bankruptcies and civil lawsuits involving the individuals. He determines that a manual search of civil court records in seven counties throughout the United States will be necessary. The online coverage of the counties, where the partners have lived or worked, is sparse or non-existent.
To find a researcher, X connects to the Web site of
BRB Publications, publisher of public records books and electronic resources. BRB's
Public Record Retriever Network (PRRN) assists those looking for
researchers who specialize in the retrieval of public records. He enters the seven county and state combinations to display a list of researchers, their contact information, and business description. After several phone calls,
X hires seven specialists to perform the necessary legwork.
While he awaits the results of the manual research, Lawyer X connects to
Google, where he searches the names of the business partners. The common names retrieve too many hits. Queries consisting of the partners' telephone numbers or Social Security
numbers find some Web pages of mild interest. But when X enters Peter to Paul Network, the name of the business
Ponzi claimed she recently headed, he finds the Web site of an alternative investment company specializing in securitizations.
Skeptical about the company's business description, X browses the pages of its Web site for mention of
Ponzi or her former company. He finds a few passing references, including one buried deep within a PDF file, which indicates that a business relationship between the two had recently come to an end.
X decides to call the state attorney general's office in the state where
Ponzi resides and does business. He connects to an investigator in the appropriate
division and asks if the state attorney general has any public information on file about Peter to Paul Network.
He receives a negative response, but on a whim, asks about Pyramid Healthcare Financing, the company specializing in alternative investments. The investigator recognizes the name. He tells X that the state attorney general has received several
complaints, and volunteers that Pyramid Healthcare Financing is the subject of an active criminal investigation led by the U.S. Postal Inspection Service.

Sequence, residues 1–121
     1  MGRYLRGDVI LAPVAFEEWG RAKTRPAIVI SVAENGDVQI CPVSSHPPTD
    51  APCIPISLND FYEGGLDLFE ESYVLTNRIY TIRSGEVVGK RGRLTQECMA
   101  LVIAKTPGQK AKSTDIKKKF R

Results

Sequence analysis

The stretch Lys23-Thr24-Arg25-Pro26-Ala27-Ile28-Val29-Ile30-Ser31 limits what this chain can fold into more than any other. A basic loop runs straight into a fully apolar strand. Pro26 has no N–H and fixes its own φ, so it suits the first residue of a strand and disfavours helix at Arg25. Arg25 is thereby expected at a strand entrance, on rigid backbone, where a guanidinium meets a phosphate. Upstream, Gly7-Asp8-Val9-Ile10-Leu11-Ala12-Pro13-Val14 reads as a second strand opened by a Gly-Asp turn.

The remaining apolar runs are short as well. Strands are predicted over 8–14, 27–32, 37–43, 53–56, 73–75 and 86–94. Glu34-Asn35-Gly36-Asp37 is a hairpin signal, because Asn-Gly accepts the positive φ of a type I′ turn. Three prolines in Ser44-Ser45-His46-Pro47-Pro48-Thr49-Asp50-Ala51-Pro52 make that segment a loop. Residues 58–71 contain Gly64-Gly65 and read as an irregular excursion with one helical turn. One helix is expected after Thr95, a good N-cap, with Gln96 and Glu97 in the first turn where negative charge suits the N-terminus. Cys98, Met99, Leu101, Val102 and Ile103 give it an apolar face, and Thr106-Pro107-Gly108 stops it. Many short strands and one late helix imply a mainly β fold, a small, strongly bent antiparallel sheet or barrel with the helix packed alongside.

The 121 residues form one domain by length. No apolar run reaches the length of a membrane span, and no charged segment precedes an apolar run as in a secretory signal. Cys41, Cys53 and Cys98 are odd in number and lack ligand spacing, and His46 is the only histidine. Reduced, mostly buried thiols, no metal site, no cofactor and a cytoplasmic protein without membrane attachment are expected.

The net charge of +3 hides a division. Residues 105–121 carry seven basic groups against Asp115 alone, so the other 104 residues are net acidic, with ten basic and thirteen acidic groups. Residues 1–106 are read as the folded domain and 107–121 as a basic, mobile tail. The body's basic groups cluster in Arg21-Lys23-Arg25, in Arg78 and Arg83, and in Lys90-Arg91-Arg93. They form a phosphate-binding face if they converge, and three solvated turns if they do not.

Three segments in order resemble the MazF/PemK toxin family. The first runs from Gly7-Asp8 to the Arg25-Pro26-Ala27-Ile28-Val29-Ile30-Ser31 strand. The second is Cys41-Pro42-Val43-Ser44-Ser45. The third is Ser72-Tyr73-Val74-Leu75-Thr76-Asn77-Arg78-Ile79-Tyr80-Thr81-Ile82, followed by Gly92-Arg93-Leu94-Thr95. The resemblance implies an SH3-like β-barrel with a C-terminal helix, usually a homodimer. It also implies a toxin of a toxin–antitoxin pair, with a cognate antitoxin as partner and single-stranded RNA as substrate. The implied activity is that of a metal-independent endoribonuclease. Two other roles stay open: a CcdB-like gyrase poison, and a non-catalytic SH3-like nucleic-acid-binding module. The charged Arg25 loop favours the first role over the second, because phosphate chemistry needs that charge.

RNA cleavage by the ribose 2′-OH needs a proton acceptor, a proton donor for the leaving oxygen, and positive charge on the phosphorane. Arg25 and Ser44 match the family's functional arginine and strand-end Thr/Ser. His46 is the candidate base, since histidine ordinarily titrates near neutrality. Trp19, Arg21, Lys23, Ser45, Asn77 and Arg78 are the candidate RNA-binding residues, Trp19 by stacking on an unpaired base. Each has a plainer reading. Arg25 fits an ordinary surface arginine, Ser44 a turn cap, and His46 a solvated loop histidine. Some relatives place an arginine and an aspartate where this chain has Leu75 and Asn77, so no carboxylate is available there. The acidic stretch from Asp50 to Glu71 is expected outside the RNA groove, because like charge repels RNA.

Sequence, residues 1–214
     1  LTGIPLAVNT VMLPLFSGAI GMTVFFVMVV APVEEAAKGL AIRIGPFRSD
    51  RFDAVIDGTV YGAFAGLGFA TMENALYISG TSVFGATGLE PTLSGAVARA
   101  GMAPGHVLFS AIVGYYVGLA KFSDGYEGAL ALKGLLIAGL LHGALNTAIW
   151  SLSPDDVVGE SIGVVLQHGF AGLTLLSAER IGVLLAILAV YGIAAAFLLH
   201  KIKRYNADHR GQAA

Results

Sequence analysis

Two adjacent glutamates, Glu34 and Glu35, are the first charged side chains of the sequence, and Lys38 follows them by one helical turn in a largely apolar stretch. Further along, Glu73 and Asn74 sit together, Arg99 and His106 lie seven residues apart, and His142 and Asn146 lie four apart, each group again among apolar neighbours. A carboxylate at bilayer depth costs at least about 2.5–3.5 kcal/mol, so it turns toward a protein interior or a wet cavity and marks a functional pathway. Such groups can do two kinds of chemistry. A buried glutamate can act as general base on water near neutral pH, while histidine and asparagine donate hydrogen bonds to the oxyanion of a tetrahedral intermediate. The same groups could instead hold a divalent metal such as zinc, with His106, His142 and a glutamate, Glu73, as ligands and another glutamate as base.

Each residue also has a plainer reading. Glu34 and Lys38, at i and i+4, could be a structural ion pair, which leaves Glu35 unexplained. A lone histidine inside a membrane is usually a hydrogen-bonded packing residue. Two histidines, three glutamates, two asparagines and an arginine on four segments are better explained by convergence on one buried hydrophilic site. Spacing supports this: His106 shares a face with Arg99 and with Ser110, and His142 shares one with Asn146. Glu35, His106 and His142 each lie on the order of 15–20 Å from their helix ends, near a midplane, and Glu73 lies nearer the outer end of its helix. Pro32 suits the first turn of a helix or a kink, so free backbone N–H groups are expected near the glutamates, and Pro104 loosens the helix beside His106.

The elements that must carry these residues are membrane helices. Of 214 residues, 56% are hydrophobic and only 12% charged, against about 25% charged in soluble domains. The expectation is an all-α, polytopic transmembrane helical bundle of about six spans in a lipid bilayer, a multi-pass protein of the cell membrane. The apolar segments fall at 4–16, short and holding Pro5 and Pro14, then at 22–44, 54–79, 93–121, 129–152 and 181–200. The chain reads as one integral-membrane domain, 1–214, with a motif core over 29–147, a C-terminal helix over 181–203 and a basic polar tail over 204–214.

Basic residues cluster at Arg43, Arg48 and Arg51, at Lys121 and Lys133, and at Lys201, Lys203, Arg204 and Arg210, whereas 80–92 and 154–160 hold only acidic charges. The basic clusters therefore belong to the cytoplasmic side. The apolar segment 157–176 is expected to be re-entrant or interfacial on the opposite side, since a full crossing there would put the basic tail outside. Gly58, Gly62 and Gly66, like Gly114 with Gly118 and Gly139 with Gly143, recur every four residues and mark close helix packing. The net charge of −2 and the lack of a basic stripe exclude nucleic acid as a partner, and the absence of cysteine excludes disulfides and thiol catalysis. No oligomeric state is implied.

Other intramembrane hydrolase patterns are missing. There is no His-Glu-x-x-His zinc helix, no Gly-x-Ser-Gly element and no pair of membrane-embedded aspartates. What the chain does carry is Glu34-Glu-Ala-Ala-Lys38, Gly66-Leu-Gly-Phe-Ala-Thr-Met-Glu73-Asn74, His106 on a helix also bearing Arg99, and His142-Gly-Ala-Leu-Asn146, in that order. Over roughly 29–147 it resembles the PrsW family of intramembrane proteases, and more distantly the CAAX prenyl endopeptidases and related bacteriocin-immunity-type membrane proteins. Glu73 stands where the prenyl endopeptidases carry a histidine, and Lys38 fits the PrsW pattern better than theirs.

Following this lead, X telephones the U.S. Postal Inspection Service and speaks to one of the inspectors handling the investigation. The agent
offers that the investigation also involves the FBI, the Internal
Revenue Service and the Centers for Medicare & Medicaid Services.
The agent also confirms that Peter to Paul
Network is part of the investigation, and suggests that X search the court records in a certain county.
Knowing that the county court research was already underway, Lawyer X connects to the
Internet Archive to find out if previous versions of Pyramid Healthcare Financing's Web site would shed light on the relationship between it and Peter to Paul Network. He enters the Web site URL in the search box and retrieves more than a dozen earlier versions of the site.
Lawyer X meticulously combs through these editions of the Pyramid Healthcare Financing Web site. After a few hours, the tedious work pays off. He encounters a document that disappeared from the Web site over one year ago. It details a financial arrangement between the two that sounds suspiciously like a Ponzi scheme.
Lawyer X waits out Partner Dubious' initial reaction to the news. When he calms down, the partner remarks, "Well, I shouldn't be surprised."
"The researcher found the county court filing," X offers. "But I can't make heads or tails of it without obtaining a copy of the complaint."
"No, wait on that," Dubious instructs. "I have to confront Ms. Ponzi with this news. Let's see what she has to say."
Later, Lawyer X learns that Dubious lost the opportunity to work with
Ponzi. When confronted with the information, she fired him. That, he thinks, is a good thing, after all.